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The natural killer cell gene complex (NKC) encodes receptors belonging to the C-type lectin superfamily expressed primarily by NK cells and other leukocytes. In the rat, the chromosomal region that starts with the Nkrp1a locus and ends with the Ly49i8 locus is predicted to contain 67 group V C-type lectin superfamily genes, making it one of the largest congregation of paralogous genes in vertebrates. Based on physical proximity and phylogenetic relationships between these genes, the rat NKC can be divided into four major parts. We have previously reported the cDNA cloning of the majority of the genes belonging to the centromeric Nkrp1/Clr cluster and the two telomeric groups, the Klre1–Klri2 and the Ly49 clusters. Here, we close the gap between the Nkrp1/Clr and the Klre1–Klri2 clusters by presenting the cDNA cloning and transcription patterns of eight genes spanning from Cd69 to Dectin1, including the novel Clec2m gene. The definition, organization, and evolution of the rat NKC are discussed.
The online version of this article (doi:10.1007/s00251-010-0455-y) contains supplementary material, which is available to authorized users.
In 1991, Yokoyama and co-workers showed that genes encoding the C-type lectin-like (CLEC) receptors NKR-P1 and Ly49 were genetically closely linked in the mouse and postulated the existence of a genetic region encoding functionally related C-type lectin superfamily (CLSF) members. As these receptors primarily were expressed by natural killer (NK) cells, it was named the NK cell gene complex (NKC) (Yokoyama et al. 1991). In the pursuit of identifying structural gene(s) associated with regulation of NK cell mediated alloreactivity in the rat, we subsequently identified the equivalent rat gene complex (Dissen et al. 1996). Remarkably, both in the mouse and the rat, the genetic distance between the Nkrp1a and the Ly49 genes was estimated to ~0.5 cM, based on analyses of recombinant inbred strains (Yokoyama et al. 1991) and parental to F1 backcrosses (Dissen et al. 1996), respectively. Assuming average crossing-over frequencies, this would correspond to a physical distance of less than 1 Mb. However, the first physical map of the NKC, based on pulsed field gel electrophoresis, indicated the region to be much larger (Dissen et al. 1996). In the rat, other CLSF genes were rapidly mapped to the intervening region (Berg et al. 1998a, b; Dissen et al. 1997), followed by still more genes in the mouse and, with the identification of a human NKC, in the human (Renedo et al. 1997; Suto et al. 1997; Hamann et al. 1997; Colonna et al. 2000; Sobanov et al. 2001; Boles et al. 1999; Plougastel et al. 2001). The releases of the sequences amassed by the international genome projects finally exposed the real size of this gene complex in different species. Thus, aided by the Rat Genome project, we could report that the genetic region spanning from the most centromeric Nkrp1 to the most telomeric Ly49 gene covered 3.3 Mb, with a predicted content of 67 CLSF genes (Nylenna et al. 2005a). However, although the conservation of sequence features among the many intraspecific paralogs and interspecific orthologs has greatly facilitated prediction of novel CLSF genes, in silico prediction is error prone and uninformative as to whether the predicted genes are expressed.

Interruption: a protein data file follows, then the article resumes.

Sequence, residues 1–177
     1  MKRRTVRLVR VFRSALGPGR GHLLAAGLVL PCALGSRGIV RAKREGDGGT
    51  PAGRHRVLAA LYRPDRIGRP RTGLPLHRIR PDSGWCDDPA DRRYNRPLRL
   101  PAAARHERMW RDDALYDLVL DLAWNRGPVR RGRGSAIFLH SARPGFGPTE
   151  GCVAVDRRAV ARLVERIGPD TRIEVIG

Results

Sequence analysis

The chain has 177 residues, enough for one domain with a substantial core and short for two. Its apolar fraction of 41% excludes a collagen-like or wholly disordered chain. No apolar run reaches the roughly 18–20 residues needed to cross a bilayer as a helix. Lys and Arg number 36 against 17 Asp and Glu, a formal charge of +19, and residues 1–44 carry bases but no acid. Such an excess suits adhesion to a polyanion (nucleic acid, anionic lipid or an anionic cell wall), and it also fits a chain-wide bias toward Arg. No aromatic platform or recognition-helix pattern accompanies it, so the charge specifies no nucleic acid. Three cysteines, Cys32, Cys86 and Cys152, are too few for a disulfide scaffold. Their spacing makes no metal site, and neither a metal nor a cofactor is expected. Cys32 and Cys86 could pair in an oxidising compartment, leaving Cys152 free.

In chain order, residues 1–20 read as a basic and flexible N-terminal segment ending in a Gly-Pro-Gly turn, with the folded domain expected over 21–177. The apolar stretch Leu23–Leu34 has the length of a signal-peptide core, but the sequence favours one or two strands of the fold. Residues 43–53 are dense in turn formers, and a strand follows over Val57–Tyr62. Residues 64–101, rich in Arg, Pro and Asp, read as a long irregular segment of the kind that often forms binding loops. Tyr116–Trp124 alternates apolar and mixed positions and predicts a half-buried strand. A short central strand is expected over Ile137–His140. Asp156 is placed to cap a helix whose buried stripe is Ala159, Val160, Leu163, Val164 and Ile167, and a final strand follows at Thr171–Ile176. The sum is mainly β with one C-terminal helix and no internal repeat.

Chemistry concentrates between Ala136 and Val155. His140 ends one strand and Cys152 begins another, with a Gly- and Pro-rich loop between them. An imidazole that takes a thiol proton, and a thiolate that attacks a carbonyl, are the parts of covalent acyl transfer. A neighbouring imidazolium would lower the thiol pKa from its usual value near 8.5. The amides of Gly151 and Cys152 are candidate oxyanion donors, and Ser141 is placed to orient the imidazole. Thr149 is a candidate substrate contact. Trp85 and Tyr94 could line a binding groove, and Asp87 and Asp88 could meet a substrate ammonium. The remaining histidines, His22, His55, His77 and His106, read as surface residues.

Functional traits such as resistance to cytomegalovirus (reviewed in Webb et al. 2002) and fungal infection (reviewed in Sun and Zhao 2007) and association with celiac disease have been mapped to discrete genes in the NKC (Hue et al. 2004), and association to experimentally induced arthritis was mapped to the neighboring gene complex, APLEC, also encoding CLSF receptors (Flornes et al. 2004; Lorentzen et al. 2007). For other quantitative trait loci mapped to this chromosomal region, including loci controlling experimentally induced inflammatory responses in the rat, the associated structural genes await identification. An accurate and complete inventory of the genetic content of this genetic region would represent a useful tool in their ultimate identification, and thus of importance for studying pathogenetic mechanisms behind the human inflammatory and autoimmune diseases. We have previously described the cDNA cloning of the genes constituting the Klre1–Klri2 cluster (Berg et al. 1998a, b; Dissen et al. 1997; Saether et al. 2005; Westgaard et al. 2003) and, barring pseudogenes, most of the genes belonging to the Ly49 gene cluster (Naper et al. 2002; Nylenna et al. 2005b). Together, the two clusters make up the telomeric part of the rat NKC. From the centromeric end of the complex, we recently reported the cDNA cloning of the Nkrp1 genes and most of the Clr genes (Kveberg et al. 2009), leaving a gap between the most distal Clr gene and the Lox1 (Olr1) gene, previously reported by others (Nagase et al. 1998) and situated immediately centromeric to the Klre1–Klri2 cluster. Here, we close this gap by presenting the cDNA cloning and transcription patterns of eight genes spanning from Cd69 to Dectin1, including a novel gene which we have called Clec2m. We also include transcription analyses of the Nkrp1 and Clr genes and present the genomic organization of the 67 predicted group V CLSF localized in the rat NKC.
As the genes reported here were cDNA-cloned before the availability of the rat genome sequence assembly, they were identified as described in Flornes et al. (2004) by (1) searching the GenBank rat Trace archive and the EST database for sequences homologous to the published mouse and human receptors, using the NCBI BLAST program and (2) performing pairwise BLAST on recently released partially or fully sequenced rat BAC clones. Gene-specific (nested) primers in the 5′- and 3′-untranslated regions (UTRs) were generated from the predicted sequences (primers shown in Supplemental Table 1). The 3′-UTR of Clec12a could not be identified, and this gene was therefore cDNA-cloned using RACE with nested 3′ primers from the GeneRacer™ kit (Invitrogen.com).